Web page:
I live in a county in Maryland that makes recycling easy. Maybe too easy. I just fling my recyclables into blue bins for curbside pickup and, shazam, the stuff disappears! I recently took a tour of our recycling center and got to see firsthand what happens next, and whether I should worry about it. Knowing recycling statistics didn’t prepare me for the sheer volume of materials coming in from affluent Montgomery County. Moving along conveyor belts are the leftovers of our consumption. Workers rapidly sort through the materials. They remove contaminating objects like plastic bags or trash, and separate the remaining recyclables by content.
Prior to going into the main room we are offered earplugs as the noise is deafening and constant. Once inside we watch gargantuan machines moving materials in an unending river of plastic, aluminum, steel, glass, paper and cardboard with the occasional rubber boot, electric fan and other outcasts.
Our county uses a dual stream system that means mixed paper is sorted separately from commingled materials like plastic or cans. This produces “cleaner” materials at the end of the process, which are then sold in bulk to be reused. Our county recycling center makes a profit on the materials they sell.
In a cavernous room called the Tipping Area, trucks deliver the materials where they are pushed and loaded onto the initial conveyor belt by a huge front-loader. The trucks pour in steadily, one after another. The mountain of material is staggering. Once on the conveyor belt, what you toss in your recycling bin makes its way through the system. The workers, almost all Latina women, move at a frantic pace in 3 hour shifts, tossing unwanted pieces into specific bins along the belt system and sorting the rest according to content.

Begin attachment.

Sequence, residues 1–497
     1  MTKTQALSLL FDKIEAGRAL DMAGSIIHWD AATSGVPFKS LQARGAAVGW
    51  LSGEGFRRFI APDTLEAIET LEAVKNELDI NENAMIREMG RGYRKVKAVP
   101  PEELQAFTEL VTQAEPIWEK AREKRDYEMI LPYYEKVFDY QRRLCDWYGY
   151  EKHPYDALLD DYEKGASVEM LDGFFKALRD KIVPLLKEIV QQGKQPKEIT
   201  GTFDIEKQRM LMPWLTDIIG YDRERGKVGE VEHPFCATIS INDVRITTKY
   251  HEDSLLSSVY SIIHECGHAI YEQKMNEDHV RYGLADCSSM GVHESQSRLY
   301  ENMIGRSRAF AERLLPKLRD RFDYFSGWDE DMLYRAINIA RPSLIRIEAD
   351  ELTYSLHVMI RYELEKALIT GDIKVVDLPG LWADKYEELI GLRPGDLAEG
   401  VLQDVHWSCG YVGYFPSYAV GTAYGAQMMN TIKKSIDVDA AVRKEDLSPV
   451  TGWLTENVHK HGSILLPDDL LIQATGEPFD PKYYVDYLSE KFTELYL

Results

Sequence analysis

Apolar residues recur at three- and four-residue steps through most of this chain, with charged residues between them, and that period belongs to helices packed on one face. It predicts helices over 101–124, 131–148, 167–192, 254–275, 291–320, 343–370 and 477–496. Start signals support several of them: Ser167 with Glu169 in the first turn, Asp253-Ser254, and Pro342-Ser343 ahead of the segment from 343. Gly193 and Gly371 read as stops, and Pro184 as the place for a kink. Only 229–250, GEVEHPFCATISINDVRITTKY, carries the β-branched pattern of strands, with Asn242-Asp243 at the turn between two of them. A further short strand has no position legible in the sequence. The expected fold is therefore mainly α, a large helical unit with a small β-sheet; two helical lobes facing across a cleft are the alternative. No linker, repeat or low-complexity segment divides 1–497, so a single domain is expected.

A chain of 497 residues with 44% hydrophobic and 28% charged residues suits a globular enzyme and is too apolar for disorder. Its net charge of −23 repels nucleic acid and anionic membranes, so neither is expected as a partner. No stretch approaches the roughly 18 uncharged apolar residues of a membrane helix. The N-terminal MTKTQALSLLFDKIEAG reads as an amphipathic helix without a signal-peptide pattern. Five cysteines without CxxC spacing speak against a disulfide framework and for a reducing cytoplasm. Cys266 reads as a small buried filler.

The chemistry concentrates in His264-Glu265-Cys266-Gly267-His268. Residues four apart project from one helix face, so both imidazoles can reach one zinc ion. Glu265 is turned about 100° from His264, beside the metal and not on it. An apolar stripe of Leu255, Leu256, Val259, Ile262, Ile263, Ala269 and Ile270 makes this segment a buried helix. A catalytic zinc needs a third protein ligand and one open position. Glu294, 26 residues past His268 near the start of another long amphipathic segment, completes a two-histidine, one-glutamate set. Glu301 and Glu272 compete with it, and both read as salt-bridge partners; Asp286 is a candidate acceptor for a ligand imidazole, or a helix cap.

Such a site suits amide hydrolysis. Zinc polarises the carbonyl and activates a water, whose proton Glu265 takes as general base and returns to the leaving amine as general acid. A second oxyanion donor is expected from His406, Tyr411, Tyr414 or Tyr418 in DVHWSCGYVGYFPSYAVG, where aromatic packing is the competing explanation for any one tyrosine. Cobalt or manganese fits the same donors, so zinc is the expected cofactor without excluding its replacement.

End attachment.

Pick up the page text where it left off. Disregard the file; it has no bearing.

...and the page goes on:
Watching the process is an unforgettable experience. A torrent of plastic water bottles, cans of every description, soda cans, glass bottles, milk cartons, newspaper, cardboard without end. I begin to wonder if we need all this stuff in the first place, even if it is recycled, and how much energy and contribution to climate change comes from the constant arrival of trucks delivering this mountain of post-consumer items.
After the tour, the center’s manager talks about the need for consumers to be more aware of what they put in their recycling bins. If consumers do a better job of sorting what they toss in their bin, there is less for the recycling center to have to deal with. A little discretion goes a long way. A prime example is plastic bags. These do not belong in the recycling bin because they clog up some of the sorting machinery. I also learn that much of what we may think helps, actually makes it harder. One example is leaving caps on bottles. The center’s manager tells us that since they are made of different materials, it’s better that the cap is not on the bottle. Despite this useful, friendly advice, I cannot help but think we need somehow to end the entire river of recycling that makes it easy for environmentalists like me to buy, use and toss out even a few extra cans or containers.
I leave thinking how much better things would be if we all put a little more thought and effort into the common act of recycling. For a first step, we can follow the 4 “R”s.
Refuse (don’t buy it), Reduce (use less), Reuse and Recycle.
Nevertheless, we need, I think, additional steps to reduce our overall energy use, prevent climate change, and get rid of endless landfills and incinerators. If we are to reduce and someday end the long line of trucks waiting to dump mountains of consumer stuff from my home and yours into massive recycling centers, we will need to take broader action. Montgomery County has a Styrofoam ban, but the entire state of Maryland does not yet. Groups like the Rachel Carson Council, if you sign up, will send you action items that are easy to use online.
Take Action The Maryland legislature will vote soon on banning Styrofoam.
If the ban passes, and is signed by the Governor, citizens in Maryland won’t be able to buy things packaged in Styrofoam.
But then, there is the rest of the country. A Federal ban will be harder, but you and I can do it. Take action. It can be as simple as tossing a can into a recycling bin.
Ross Feldner, RCC Board Member